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Thursday, 11 May, 2000, 15:42 GMT 16:42 UK
Loach's Cannes call for immigrants
Ken Loach with Ephida Carrillo and Pilar Padilla
Ken Loach with Ephida Carrillo and Pilar Padilla
Director Ken Loach has called for better treatment of asylum seekers at the launch of his new film in Cannes.

The film-maker is in France to promote Bread & Roses, which tells the story of exploited Mexican immigrants working in California.

At a press conference, he said: "We have to keep reminding ourselves that people are immigrants for a reason.

"In Europe, we have an absolute obligation to recognise why people are over here as immigrants."

'There should be solidarity'


Ken Loach
Loach directed the ground-breaking 1960s TV play Cathy Come Home

Loach, 63, who is best known for films such as My Name Is Joe, Riff-Raff and Kes, added: "If we realised what there would have to be to make us leave our homes, we may begin to realise there should be solidarity with immigrants."

He said most of those who fled their home countries had been forced to by events beyond their control.

Bread & Roses, the UK's only Palme d'Or entry, follows two Mexican sisters, Rosa and Maya, who mount a guerilla campaign against their employers.

Loach was joined by the film's two stars, Elphida Carrillo and Pilar Padilla and the film's writer, Paul Laverty.

Carillo, who plays Rosa, said she had to emigrate from Mexico with her 10 siblings after the death of her father.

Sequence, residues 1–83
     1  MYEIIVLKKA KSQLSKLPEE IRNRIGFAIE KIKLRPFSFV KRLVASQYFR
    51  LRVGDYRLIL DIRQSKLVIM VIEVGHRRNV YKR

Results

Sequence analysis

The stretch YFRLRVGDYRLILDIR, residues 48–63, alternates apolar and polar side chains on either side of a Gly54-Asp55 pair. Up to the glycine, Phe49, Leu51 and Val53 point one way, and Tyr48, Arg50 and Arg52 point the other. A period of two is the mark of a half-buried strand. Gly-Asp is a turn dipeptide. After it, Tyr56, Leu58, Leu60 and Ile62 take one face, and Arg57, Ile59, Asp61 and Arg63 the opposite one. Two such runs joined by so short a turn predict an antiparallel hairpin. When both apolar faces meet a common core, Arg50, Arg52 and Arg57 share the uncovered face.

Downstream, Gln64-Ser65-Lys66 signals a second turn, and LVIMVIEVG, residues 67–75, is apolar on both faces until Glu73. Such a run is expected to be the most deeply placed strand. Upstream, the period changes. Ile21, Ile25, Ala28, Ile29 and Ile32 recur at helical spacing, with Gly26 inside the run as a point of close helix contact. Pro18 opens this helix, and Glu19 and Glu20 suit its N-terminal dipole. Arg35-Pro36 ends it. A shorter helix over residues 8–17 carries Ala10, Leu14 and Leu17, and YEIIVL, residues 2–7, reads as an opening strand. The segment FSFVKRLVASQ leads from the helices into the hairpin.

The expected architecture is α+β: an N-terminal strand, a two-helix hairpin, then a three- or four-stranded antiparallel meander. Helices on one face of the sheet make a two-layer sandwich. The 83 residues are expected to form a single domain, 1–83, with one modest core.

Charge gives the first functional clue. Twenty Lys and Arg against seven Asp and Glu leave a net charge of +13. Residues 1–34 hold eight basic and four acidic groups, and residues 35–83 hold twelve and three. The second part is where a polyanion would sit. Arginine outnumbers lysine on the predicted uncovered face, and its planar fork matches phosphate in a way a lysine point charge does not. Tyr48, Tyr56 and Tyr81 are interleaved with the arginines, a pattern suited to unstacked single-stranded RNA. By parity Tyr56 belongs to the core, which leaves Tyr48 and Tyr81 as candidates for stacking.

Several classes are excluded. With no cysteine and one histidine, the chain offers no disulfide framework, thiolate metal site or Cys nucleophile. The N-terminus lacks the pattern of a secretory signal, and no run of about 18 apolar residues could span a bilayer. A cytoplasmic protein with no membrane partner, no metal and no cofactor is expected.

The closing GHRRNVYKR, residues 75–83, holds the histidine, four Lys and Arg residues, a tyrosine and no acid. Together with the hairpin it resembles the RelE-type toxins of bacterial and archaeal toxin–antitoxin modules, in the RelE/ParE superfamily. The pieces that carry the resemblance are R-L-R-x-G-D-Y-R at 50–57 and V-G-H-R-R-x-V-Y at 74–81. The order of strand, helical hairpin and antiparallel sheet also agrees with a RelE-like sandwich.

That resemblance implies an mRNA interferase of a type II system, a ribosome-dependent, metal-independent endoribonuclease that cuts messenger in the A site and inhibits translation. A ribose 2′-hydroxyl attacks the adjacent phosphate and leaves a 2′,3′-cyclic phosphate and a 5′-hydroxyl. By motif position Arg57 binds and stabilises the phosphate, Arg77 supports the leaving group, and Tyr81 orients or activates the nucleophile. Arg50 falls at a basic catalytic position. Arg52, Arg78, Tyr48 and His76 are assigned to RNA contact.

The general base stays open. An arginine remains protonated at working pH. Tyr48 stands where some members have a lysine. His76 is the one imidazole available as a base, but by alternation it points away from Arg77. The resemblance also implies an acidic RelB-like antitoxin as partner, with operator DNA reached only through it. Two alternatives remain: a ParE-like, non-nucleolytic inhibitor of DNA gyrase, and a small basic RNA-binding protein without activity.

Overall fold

She hopes the film will also help Latin actors get roles other than those as "maids" and "prostitutes".

Criticising goverments

"Glenn Close, Meryl Streep and Jeremy Irons played Latinos in House of the Spirits, which I thought was insulting," she said.

"We want to go to the movies and see something about us, about who we are."

Ken Loach - a long-time Labour Party supporter - also used the conference to criticise governments around the world, whom he said were undermining humanitarian achievements such as fair wages and workers' rights.

"We've had right-wing governments and we've had governments that claim to be on the left but actually continue the policies of the right-wing governments," he explained.

"The rights we've fought for for several generations are in danger of being eroded in favour of so-called progress, and the people masterminding the changes are people who got to power on the backs of the workers' movements."

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